SICP and Code, despite both being extremely popular, can be a bit difficult conceptually. If you don't fully understand something, try reading it again, and if you still don't understand it, it's fine. Everyone experiences that sometimes. It's okay to move forward as long as you feel like you mostly get the topic. Don't let the perfect be the enemy of the good.

Best of luck to you, and be excited! It's thrilling stuff.

by codeificus   2019-07-21

The 86 stands for the instruction set for the cpu. Basically, every chip designed in the world accepts input and output, but in different ways (different numbers of connections, ordering). All of those chips have more or less backwards compatibility with regard to that, so it makes it easier for others to develop around that.

So there is a meaning conveyed, though it probably isn't important to you if you aren't developing hardware or writing assembly.

I strongly recommend Code by Charles Petzold which explains the origins of these chipsets. Basically Intel put out the 8080 in 1974 which was an 8-bit processor, then the 8086 in 1978 was a 16-bit processor, so they just ran with the number scheme (6 for 16 bit). The "80" from 8080 probably came from IBM punchcards which were used for the US census (since the 1920s!), which is actually how IBM started, basically as the child of Herman Hollerith who built automated tabulating machines in the late 19th century. Also this is to blame for the 80-character terminal convention. Blame IBM.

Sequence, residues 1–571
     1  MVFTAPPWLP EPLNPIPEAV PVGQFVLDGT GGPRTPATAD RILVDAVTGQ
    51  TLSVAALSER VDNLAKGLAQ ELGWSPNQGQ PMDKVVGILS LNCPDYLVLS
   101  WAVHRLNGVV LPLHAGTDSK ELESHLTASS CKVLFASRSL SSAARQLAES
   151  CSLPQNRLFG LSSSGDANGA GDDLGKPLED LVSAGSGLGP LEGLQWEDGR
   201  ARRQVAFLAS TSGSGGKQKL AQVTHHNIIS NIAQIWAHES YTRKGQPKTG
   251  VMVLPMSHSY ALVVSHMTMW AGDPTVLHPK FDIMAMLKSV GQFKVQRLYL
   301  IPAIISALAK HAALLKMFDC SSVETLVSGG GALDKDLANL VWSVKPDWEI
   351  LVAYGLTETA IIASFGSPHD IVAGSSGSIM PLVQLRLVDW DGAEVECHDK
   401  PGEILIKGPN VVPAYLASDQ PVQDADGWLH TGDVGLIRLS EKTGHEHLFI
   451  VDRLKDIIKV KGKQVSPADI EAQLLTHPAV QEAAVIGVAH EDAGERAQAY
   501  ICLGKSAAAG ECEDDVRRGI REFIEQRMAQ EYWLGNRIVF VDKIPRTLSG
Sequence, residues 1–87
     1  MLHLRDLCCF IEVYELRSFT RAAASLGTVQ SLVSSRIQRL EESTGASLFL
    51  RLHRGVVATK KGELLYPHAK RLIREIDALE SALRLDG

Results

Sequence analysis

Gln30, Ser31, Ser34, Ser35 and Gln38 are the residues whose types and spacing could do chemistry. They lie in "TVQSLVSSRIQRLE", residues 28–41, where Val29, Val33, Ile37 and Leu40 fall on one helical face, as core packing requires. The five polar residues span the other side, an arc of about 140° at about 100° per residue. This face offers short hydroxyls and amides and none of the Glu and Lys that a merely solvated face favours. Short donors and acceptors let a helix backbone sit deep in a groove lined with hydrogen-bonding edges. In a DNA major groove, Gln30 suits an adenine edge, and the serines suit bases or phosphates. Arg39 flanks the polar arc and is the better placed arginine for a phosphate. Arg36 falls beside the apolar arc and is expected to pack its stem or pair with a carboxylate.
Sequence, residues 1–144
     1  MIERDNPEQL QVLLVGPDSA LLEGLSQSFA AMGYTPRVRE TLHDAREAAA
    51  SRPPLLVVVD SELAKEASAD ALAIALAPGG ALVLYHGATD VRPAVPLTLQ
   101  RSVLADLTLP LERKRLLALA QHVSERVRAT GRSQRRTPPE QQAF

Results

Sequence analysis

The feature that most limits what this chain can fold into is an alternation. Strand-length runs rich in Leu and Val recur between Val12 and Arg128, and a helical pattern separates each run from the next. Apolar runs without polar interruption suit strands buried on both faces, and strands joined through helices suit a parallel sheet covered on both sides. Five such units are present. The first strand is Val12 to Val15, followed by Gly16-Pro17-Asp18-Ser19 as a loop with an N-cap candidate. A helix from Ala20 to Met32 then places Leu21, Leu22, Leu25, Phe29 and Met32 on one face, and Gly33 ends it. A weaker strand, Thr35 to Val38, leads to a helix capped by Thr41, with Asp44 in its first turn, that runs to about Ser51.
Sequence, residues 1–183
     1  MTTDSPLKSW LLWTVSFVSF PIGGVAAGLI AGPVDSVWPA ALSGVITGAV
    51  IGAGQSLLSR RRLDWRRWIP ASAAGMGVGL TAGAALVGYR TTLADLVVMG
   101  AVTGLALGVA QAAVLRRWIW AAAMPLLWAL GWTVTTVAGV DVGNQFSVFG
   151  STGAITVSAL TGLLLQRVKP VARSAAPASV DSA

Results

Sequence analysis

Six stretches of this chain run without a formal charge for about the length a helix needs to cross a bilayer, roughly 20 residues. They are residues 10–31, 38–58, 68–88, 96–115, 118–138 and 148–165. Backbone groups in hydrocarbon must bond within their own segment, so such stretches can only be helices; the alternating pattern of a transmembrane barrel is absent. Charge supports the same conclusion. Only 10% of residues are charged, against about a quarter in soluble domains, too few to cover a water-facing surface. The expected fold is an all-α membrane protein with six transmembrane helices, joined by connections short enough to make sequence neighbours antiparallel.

by Lesabotsy   2019-07-21

This should answer the question: Code: The Hidden Language of Computer Hardware and Software.

by ahiddenmessi2   2019-07-21 This book says about everything

by pixel_sharmana   2019-07-21

Code: The Hidden Language of Computer Hardware and Software by Charles Petzold

The book starts with very simple binary logic, then how to create your own transistor out of bent wire and batteries, building logic gates out of transistors, creating your own assembly language, then implementing BASIC on top of that, and finally screens and pixels

by ChickeNES   2019-07-21

by anonymous   2019-07-21

CODE: The Hidden Language of Computer Hardware and Software

By Charles Petzold

This is a good book for conceptual hardware design. Petzold may be the best computer tech writer around.

by anonymous   2019-07-21

Stackoverflow is not the appropriate venue for this kind of question, but if you'll just read this book it explains exactly what you're asking:

by okozmey   2019-07-21

Hi! 1.For you as a human. And the first advice is not give up! We all meet with problems. Problems are our part of life.

  1. For you as a future Software Engineer.

You can start with these books:

  1. Code The Hidden Language of Computer Hardware and Software (
  2. Computer Science: An Overview(
  3. Introduction to Computing Systems(

These books should give you a good fundamental knowledge about CS(History of Computing, Computer Architecture, etc).